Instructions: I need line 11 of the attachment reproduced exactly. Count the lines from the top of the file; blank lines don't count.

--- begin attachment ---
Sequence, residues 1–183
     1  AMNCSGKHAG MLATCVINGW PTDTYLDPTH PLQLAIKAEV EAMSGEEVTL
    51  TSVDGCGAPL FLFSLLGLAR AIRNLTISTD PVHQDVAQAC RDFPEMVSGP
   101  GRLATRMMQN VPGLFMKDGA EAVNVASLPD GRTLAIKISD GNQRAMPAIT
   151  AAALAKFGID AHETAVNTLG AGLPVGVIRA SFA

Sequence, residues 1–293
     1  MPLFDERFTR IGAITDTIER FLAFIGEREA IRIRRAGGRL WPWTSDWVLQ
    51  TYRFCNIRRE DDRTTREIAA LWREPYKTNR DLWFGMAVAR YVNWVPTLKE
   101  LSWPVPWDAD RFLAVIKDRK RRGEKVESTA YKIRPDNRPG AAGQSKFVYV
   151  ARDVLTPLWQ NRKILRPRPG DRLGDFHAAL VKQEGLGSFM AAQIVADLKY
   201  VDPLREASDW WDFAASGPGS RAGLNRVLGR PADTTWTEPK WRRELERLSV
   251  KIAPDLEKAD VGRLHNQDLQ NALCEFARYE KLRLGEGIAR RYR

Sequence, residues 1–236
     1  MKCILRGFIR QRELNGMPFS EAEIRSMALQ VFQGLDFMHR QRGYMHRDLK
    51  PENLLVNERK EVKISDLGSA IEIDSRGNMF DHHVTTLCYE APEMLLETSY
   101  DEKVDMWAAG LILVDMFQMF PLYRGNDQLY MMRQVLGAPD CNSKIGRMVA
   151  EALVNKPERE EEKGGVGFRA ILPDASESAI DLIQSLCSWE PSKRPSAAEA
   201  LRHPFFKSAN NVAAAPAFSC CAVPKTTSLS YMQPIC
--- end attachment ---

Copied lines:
   201  VDPLREASDW WDFAASGPGS RAGLNRVLGR PADTTWTEPK WRRELERLSV